He’ll probably want to change the nameservers or DNS records of the domain to point it to his hosting platform at that time anyway. You can always change the login credentials once he’s done what he needs to for good order.
- Alternatively, you can ask him to register the domain for you through his registration account but make sure you give him all the details of the business by which to register the domain name.
- Once the website is completed and live and you are happy with the end result, log back into your domain registration account and make sure it is all still set with your details as the registrant.
- Remember: YOU are responsible for making sure that your domain registration renewals are kept up to date, not your website developer. It is a small price to pay but worth it in the long run. If you do not renew the domain when the system tells you, you run the risk of losing not only your domain name, but the website, email and the business reputation.
- Website developers are well-practiced at managing domain registration renewals and so this is why it is very often better to have them manage the domain renewals for you on your behalf but they key thing here being that the domain name is in your business’s name, not the developer’s.
One of your most valuable assets
Your website domain name is one of the most valuable assets to the business and yet very often they are treated poorly and with little protection. Think about what would happen if, overnight, your website, online business and reputation and emails suddenly stopped and were irrecoverable – do you have a back up plan? Not many do, so making sure your domain names are registered to your business and not individuals is vital.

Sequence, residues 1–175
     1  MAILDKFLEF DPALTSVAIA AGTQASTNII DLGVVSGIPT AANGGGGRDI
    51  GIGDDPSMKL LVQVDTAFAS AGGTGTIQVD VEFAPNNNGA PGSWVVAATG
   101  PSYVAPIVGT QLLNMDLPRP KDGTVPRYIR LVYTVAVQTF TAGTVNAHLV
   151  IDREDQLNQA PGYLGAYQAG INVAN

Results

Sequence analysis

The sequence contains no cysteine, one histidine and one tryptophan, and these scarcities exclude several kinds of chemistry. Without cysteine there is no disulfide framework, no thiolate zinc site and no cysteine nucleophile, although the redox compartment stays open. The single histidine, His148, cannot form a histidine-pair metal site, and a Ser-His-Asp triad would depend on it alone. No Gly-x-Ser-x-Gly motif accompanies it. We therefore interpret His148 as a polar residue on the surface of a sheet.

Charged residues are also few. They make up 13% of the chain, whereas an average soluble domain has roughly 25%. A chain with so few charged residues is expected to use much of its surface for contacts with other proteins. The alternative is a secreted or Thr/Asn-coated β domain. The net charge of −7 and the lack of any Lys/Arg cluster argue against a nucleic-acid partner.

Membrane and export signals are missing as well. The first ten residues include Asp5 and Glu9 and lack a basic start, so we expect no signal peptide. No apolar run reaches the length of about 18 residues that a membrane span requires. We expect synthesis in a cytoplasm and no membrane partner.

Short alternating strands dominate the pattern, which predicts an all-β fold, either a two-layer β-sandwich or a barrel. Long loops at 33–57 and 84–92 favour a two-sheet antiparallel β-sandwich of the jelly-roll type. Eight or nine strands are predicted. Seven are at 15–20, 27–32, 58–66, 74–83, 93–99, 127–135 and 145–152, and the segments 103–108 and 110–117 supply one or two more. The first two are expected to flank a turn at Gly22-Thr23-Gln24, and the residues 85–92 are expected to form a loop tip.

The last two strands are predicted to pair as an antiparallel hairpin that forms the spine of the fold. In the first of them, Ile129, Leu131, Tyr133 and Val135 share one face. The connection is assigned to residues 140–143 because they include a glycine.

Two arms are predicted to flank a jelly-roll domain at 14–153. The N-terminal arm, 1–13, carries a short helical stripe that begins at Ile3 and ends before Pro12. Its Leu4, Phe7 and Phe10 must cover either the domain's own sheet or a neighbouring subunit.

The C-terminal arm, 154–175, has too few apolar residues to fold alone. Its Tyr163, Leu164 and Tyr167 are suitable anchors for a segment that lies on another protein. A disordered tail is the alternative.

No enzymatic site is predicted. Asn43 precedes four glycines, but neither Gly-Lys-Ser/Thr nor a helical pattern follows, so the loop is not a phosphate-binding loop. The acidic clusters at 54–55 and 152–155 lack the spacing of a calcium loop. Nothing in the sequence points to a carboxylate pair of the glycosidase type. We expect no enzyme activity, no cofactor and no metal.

If you aren’t sure of who owns your domain name, for a .com domain head over to the WHOIS tool operated by ICANN: https://whois.icann.org/en.
For .co.uk, go to Nominet’s equivalent lookup tool: https://www.nominet.uk/whois/
*At the beginning of this article we walked about ownership of a domain being that of the registrant in the eyes of the law. This is the case in most instances. However, there have been some cases that have gone to Court where individuals have registered domain names with brand names in them and those brand owners have taken the registrant to Court to prevent them from using it and [ultimately] taking control of it. They cite copyright ownership of the brand and therefore the individual (or company) that’s using the domain (or cybersitting on it) as in breach of copyright. Usually the case is settled out of Court and the domain is handed over for an undisclosed figure but the principle remains the same. It’s incredibly hard to take over a domain that you feel is yours but it’s not registered in your name.